Public interest complaint (PIC)
A Public Interest Disclosure (PID) that has been determined by the Independent Broad-based Anti-corruption Commission (IBAC), the Victorian Inspectorate, or the Integrity and Oversight Committee to be a PIC.
PIDs must be made to the Independent Broad-based Anti-Corruption Commission (IBAC) in most cases, however in some circumstances, they may also be made to the Victorian Ombudsman or other organisations. For further information or if you wish to make a disclosure directly, please visit the
Disclosures about other public bodies or public officers
Disclosures relating to improper conduct or detrimental action involving other public bodies or officers who are not employees, staff or members of the ARBV may be made to the various bodies – see the IBAC website and IBAC guidelines for details.
Disclosures about the ARBV should only be made to IBAC. The ARBV is a public body that cannot receive disclosures. If the ARBV receives a complaint, report, or allegation of improper conduct or detrimental action, the discloser will not be given the protections under the Act. To be a protected public interest disclosure, it must be made to IBAC. Accordingly, the ARBV will advise the discloser to make their disclosure directly to the IBAC.
Once a disclosure has been notified to IBAC, it must determine whether it is a public interest complaint. Such a determination must be made within a reasonable time after the disclosure is notified to IBAC.
If IBAC is of the view that the assessable disclosure is not a public interest disclosure, then it is not a 'public interest complaint'. If IBAC is of the view that the assessable disclosure is a public interest disclosure, then it must determine that the public interest disclosure is a ‘public interest complaint’.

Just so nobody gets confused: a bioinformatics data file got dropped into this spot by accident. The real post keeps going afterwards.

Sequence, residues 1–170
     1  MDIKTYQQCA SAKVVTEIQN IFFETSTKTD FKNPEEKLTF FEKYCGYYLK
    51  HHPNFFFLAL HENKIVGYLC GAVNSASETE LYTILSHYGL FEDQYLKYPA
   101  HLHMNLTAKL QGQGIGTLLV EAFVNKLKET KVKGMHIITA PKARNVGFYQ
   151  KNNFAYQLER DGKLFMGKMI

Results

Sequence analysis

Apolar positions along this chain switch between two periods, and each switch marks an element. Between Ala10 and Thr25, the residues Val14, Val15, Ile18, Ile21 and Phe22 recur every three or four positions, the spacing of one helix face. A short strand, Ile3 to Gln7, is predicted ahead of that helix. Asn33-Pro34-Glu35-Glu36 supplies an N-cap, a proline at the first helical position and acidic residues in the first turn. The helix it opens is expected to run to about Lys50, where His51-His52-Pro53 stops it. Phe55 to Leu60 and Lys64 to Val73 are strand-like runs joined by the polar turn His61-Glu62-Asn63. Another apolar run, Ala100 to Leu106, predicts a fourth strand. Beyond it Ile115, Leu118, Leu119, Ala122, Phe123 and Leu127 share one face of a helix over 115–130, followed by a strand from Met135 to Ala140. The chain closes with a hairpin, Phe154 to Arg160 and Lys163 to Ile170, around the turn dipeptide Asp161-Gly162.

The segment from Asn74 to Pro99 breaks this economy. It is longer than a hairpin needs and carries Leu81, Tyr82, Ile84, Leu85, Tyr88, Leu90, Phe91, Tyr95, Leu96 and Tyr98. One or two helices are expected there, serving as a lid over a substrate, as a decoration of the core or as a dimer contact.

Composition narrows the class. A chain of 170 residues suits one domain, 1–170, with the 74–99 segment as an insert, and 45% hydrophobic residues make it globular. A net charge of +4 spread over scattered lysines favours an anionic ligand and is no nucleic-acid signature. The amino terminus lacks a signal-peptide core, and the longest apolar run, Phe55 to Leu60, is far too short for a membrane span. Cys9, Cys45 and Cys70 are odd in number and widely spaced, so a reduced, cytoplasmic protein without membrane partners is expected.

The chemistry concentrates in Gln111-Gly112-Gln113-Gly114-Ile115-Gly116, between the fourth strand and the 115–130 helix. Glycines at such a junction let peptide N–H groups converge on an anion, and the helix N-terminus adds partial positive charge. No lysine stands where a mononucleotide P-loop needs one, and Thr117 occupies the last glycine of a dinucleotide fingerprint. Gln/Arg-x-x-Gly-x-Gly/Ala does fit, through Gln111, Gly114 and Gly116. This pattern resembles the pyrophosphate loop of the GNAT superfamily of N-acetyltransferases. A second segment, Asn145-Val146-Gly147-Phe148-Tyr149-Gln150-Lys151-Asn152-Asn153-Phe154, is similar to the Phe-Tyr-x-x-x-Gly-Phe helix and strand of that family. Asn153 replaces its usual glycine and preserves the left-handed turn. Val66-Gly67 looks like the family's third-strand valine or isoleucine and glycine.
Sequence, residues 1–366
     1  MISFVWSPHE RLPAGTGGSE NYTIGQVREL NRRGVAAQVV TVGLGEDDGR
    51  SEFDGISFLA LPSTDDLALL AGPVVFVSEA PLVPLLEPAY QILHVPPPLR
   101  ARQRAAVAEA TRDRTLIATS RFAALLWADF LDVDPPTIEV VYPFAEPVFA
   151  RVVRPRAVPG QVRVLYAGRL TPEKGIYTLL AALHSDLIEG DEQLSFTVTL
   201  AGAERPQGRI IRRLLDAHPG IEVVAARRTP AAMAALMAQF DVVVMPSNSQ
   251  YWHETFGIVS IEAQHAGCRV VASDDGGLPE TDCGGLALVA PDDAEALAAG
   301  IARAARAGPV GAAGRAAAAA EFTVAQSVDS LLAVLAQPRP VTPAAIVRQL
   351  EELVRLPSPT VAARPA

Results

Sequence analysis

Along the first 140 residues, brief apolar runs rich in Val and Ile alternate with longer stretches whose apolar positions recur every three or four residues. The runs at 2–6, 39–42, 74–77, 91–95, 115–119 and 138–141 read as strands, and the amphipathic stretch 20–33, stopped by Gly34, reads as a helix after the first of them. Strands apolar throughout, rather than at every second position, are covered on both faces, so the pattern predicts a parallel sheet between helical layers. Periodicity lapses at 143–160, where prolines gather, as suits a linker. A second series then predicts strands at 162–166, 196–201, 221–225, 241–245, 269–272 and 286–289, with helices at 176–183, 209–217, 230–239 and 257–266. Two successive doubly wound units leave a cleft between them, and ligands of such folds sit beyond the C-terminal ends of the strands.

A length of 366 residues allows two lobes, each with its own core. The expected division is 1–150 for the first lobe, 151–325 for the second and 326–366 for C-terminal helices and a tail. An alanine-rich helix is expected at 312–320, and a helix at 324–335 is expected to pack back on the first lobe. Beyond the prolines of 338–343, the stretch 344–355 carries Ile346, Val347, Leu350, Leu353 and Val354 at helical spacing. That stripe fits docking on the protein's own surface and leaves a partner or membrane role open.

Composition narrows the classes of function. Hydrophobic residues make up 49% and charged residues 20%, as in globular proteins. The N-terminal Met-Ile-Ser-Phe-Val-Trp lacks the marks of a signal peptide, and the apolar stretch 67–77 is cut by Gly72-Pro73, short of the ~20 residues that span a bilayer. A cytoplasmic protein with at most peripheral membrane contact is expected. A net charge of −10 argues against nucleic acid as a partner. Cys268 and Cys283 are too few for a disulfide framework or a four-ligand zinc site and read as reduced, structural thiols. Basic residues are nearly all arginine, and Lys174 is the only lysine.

If IBAC determines the disclosure is a public interest complaint
If IBAC determines the disclosure is a public interest complaint, IBAC must advise the discloser in writing that it has determined that the matter is a public interest complaint. The discloser has rights, protections and obligations under the PID Act as contained in ss 72, 74 and Parts 6 and 7 of the PID Act, including an explanation of the effect of those sections and Parts of the Act.
It is an offence under s 74 of the PID Act to disclose that IBAC has determined that the disclosure is a public interest complaint.
If IBAC determines the disclosure is not a public interest complaint
If IBAC determines the disclosure is not a public interest complaint, IBAC must advise the discloser in writing that it has determined that the disclosure is not a public interest complaint; and
- as a consequence of that determination:
- the disclosure will not be investigated as a public interest complaint; and
- the confidentiality provisions under Part 7 of the Act no longer apply in relation to the disclosure.
Regardless of whether IBAC has determined that the disclosure is a public interest complaint, the protections under Part 6 apply to a public interest disclosure. In addition, if IBAC is of the view that the disclosure, although not a public interest complaint, may be able to be dealt with by another entity, IBAC may advise the discloser of their options.
The ARBV has confidentiality obligations under the PID Act. These requirements include protecting the identity of the discloser and the matters disclosed. It is a criminal offence to disclose information connected with a disclosure made in accordance with the ACT, and this includes disclosing the identity of the discloser. The ARBV will only disclose information about you or your disclosure in accordance with the law, including the PID Act.
If you repeat your disclosure to someone other than as provided for in these procedures or permitted by the Act, you may lose the protections provided for in the PID Act. You may also breach your confidentiality obligations.
If you are considering disclosing information about a disclosure made by you under the PID Act, you may wish to speak to the Public Interest Disclosure Coordinator, your welfare manager and/or obtain legal advice first.
The circumstances in which you may disclose information about the public interest disclosure you have made to IBAC include disclosure:
- in accordance with a direction or authorisation given by the investigating entity that is investigating the disclosure
- to the extent necessary for the purpose of taking lawful action in relation to the conduct that is the subject of the disclosure including disciplinary process or action